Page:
The starting point of the analysis is Beckers’ Human capital approach which suggests that only general training is transferable from one job to another. Specific training can only be applied in the agency in which the skills are acquired. Therefore, under-investment in vocational education and on-the-job training is likely. In the literature various types of market failure are described. They can also serves as explanations for the, from and economic point-of-view, suboptimal allocation of resources for lifelong learning. First of all, there can be an information problem. It is not always exactly clear what is learned during a training and therefore what will be the return, both for the trainee (higher wage, improved employability) and the firm (improved productivity). Another prominent reason for mismatches on the market of permanent education is the poaching problem. Firms face the risk of other employers ‘poaching’ trained workers, or of workers bidding up wages as a consequence of acquiring a higher qualification. The, in training investing, firm risks ending-up with less than the full range of the expected returns of training. On the other hand individuals may withhold from (investing in) training if gains in qualifications and competence are not adequately recognised, or if there is uncertainty about the returns as was mentioned before. This last issue is especially important if individuals have little financial resources and are facing a liquidity constraint. Which means that if future returns of investing in training are uncertain, they are not suited to serve a collateral for this investment. Borrowing on the money or capital market is than either impossible or at least very expensive. The information problem, the liquidity constraint and the uncertainty result in less than optimal investment in training.

Other types of market failures, here to be mentioned but not spelled-out, are economies of scale, poor basic skills of (certain parts of) the population, external effects, the social security system (amongst others minimum wage legislation), (too) narrow wage differentials and high unemployment rates.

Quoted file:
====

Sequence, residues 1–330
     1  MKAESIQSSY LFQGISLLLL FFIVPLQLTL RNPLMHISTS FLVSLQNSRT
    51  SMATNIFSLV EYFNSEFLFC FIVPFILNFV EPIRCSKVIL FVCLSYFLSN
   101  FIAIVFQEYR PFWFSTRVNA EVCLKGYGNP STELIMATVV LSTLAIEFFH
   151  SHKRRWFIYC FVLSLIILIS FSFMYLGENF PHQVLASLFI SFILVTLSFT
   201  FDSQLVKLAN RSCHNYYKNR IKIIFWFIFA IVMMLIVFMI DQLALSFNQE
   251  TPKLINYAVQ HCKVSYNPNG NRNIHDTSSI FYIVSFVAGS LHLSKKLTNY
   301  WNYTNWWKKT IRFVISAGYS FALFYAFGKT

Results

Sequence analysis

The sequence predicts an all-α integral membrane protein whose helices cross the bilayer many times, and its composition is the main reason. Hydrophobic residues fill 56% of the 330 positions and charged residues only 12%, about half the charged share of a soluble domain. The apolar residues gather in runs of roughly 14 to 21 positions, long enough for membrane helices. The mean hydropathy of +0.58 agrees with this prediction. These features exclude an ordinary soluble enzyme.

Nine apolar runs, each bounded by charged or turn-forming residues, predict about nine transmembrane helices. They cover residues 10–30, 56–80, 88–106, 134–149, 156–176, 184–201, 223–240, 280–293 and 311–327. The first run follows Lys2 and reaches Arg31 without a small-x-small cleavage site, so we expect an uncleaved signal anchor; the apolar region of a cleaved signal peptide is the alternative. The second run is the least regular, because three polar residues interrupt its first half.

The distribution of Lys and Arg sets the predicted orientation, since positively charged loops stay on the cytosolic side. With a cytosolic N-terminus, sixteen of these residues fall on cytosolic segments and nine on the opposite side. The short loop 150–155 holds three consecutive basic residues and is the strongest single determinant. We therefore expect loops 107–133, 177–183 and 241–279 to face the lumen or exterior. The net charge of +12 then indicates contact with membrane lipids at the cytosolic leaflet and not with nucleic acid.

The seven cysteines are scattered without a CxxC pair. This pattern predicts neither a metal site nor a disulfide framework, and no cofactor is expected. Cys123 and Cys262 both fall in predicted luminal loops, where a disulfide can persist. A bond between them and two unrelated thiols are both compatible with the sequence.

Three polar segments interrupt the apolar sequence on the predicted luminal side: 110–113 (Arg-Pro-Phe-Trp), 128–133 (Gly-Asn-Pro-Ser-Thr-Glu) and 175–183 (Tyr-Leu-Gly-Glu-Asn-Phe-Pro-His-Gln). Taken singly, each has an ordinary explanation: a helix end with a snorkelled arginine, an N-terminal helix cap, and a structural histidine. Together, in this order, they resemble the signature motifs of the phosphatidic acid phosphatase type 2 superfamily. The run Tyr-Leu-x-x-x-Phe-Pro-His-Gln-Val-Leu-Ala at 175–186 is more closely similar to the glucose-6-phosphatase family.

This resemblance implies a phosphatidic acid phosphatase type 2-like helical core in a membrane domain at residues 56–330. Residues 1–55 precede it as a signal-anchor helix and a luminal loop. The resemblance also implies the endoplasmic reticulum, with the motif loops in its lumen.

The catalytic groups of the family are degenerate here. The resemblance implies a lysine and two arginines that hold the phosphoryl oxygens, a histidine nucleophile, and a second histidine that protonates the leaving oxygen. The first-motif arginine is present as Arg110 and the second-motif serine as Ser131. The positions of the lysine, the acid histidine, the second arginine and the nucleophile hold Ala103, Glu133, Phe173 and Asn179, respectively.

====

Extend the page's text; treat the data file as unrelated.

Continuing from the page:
Several approaches are suggested for addressing the problems that arise from the various types of market failures. They can be divided into two groups: financing models (single employer financing, self-financing, drawing rights, vouchers, actions and para fiscal fund) and instruments (fiscal instruments, training-subsidies, information, certification of diploma’s, accreditation of training institutes, apprenticeship contracts, differentiation of etc.). The paper focuses on fiscal measures that are considered in preparation of the aforementioned National action plan: a Life Long Learning. The measures considered are described in section 4.

The cost-effectiveness of a policy measure depends also on the level of aggregation and the point of view. As will be shown in section 4 a more cost-effective policy measure on a macro level can have large impact on the distribution of costs and benefits between actors. A distinction can be made of who is affected (positively of negatively) by the policy measure. In describing the costs and benefits we specifically look at three types of actors: employees, firms (employers) and the government (not as employer).

Vocational Education in the Netherlands